Munhak Stadium (Yonhap News)
Heaps of baseball game cancellations are expected to shake up the standings of Korea’s top professional baseball league following the start of the monsoon season on Tuesday.
The Korea Meteorological Administration forecast heavy rain from Monday through Thursday, and predicted the rainy season would continue until mid-July. Most teams at the Korea Baseball Organization are likely to be forced into long breaks as many of their games are likely to be canceled over the next four weeks.
The KBO canceled all baseball games Tuesday.
The unscheduled break could mean a vital chance to rebound for some teams, but could spell trouble for others.
Nexen Heroes, which got off to an uncharacteristically good start this season to stand in second place, recently saw seven straight defeats.
To make matters worse, Heroes’ veteran pitcher Kim Byung-hyun was recently fined for throwing a ball at an umpire, while a couple of its player makers were nabbed by police for drunk driving.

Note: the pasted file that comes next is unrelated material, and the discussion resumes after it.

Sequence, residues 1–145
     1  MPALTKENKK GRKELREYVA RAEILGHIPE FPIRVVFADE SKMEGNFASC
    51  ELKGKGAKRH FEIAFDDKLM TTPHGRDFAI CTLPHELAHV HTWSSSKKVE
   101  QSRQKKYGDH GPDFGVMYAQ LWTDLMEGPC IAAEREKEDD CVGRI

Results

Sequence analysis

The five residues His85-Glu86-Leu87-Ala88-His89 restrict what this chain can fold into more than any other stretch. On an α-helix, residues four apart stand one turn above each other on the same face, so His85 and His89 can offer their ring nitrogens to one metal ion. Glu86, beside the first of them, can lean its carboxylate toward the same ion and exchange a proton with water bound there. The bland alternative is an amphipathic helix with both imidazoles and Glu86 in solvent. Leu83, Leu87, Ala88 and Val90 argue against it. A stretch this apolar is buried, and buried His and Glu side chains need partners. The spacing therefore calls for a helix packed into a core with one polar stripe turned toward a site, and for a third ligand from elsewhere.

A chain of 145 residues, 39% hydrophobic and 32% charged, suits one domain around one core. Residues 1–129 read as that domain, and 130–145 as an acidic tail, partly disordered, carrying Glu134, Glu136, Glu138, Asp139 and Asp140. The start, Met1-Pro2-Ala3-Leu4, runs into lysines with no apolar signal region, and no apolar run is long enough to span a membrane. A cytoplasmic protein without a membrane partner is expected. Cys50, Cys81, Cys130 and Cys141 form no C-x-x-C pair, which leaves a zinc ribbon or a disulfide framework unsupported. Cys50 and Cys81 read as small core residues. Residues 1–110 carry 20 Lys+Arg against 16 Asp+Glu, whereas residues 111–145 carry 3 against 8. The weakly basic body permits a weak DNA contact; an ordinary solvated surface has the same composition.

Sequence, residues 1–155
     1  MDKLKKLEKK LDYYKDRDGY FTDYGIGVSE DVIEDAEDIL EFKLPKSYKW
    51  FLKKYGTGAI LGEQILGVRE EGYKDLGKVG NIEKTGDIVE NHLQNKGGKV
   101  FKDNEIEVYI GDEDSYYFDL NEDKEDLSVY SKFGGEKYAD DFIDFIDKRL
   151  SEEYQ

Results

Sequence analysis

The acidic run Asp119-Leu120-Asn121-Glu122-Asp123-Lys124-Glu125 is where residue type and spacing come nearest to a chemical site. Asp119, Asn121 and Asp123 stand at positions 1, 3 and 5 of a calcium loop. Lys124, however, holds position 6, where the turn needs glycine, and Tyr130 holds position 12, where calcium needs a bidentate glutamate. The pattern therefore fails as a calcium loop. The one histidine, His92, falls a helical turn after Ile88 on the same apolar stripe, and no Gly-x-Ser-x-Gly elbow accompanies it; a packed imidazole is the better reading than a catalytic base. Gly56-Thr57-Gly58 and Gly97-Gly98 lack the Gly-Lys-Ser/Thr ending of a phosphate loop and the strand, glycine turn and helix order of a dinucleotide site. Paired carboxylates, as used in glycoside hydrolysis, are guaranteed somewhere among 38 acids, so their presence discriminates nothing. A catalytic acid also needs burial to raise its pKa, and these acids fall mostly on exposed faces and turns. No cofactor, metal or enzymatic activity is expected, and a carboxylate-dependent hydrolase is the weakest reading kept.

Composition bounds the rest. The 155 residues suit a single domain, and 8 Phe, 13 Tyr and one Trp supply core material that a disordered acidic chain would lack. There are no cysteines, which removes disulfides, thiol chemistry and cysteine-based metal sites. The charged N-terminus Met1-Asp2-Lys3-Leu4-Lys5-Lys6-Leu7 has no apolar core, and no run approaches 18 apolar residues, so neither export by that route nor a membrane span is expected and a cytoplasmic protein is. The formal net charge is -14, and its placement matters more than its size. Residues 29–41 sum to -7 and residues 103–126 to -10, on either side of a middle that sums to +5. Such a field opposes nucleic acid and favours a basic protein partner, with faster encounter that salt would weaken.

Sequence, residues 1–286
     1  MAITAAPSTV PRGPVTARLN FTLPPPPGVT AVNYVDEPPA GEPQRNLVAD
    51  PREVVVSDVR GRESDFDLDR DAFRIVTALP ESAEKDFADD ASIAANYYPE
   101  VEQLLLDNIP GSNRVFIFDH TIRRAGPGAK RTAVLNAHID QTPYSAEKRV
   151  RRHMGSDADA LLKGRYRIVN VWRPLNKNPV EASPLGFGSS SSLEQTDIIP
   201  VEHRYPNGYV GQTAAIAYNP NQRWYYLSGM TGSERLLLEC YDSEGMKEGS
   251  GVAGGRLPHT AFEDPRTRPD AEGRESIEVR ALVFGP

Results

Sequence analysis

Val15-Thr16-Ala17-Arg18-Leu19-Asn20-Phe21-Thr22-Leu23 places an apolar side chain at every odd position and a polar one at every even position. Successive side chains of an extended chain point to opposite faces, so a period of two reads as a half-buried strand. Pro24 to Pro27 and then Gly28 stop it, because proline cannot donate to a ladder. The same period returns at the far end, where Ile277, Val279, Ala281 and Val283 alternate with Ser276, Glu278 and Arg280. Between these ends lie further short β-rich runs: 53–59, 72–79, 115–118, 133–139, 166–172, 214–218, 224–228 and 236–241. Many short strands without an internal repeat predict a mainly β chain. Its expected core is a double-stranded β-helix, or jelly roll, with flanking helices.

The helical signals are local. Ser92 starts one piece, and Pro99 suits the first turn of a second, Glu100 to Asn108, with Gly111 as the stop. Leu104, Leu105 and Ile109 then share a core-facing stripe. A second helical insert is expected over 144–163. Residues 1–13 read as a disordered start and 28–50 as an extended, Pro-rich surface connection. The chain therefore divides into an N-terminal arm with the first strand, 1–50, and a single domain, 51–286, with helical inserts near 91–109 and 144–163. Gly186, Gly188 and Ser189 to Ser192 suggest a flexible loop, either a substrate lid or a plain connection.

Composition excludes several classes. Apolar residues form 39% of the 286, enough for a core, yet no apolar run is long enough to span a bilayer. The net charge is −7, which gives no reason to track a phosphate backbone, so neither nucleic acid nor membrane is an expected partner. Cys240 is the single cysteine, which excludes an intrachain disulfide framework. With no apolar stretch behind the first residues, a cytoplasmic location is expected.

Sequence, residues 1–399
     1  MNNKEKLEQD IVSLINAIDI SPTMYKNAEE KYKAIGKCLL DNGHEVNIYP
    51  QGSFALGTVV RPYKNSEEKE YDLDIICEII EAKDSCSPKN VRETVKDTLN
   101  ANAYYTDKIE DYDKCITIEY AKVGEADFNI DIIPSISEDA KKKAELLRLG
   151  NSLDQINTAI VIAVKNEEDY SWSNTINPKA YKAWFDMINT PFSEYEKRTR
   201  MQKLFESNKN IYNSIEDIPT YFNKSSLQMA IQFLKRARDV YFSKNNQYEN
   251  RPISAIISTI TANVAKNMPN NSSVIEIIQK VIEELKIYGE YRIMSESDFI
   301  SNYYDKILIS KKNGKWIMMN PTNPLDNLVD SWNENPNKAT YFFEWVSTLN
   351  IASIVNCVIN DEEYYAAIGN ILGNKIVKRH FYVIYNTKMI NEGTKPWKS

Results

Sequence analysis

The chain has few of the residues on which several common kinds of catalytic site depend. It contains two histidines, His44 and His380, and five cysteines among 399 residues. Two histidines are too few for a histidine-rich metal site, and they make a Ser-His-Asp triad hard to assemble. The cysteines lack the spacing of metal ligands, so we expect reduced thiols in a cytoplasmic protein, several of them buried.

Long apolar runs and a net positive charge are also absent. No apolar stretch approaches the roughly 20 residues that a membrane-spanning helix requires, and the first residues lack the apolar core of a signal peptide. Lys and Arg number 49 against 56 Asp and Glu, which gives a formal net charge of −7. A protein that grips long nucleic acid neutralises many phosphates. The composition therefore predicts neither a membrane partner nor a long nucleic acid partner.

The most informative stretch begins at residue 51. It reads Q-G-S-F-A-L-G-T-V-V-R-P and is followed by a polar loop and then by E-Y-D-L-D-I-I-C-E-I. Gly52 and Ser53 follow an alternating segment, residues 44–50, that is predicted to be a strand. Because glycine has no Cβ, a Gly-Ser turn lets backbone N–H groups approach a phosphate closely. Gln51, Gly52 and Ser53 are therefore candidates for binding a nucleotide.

With the prolonged rest, Heroes can hope to recover team chemistry shattered by the series of unfortunate events.
The same goes for SK Knights and Hanwha Eagles, who both are performing well below expectations in seventh and ninth place, respectively. The teams can hope for a strategic overhaul during the long break.
The Eagles’ winning rate fell from 40.8 percent last season to 30.9 percent. As a result, Hanwha is stuck at the bottom of the standings, behind the expansion team NC Dinos.
The long rest could help the Eagles wait for their best pitcher Denny Bautista, who has temporarily joined the reserve team to recover from fatigue.
The teams who have been on a roll, on the other hand, are concerned their hot streaks may be cooled off by the break. Those teams include LG Twins and Kia Tigers, who have won five and seven games in a row, respectively.
Rustiness could be another negative factor in long breaks, as in the case of Doosan Bears. The team has already rested for four days and can potentially go a full week without playing, which could spell trouble when the Bears finally go back on the field.
By Yoon Min-sik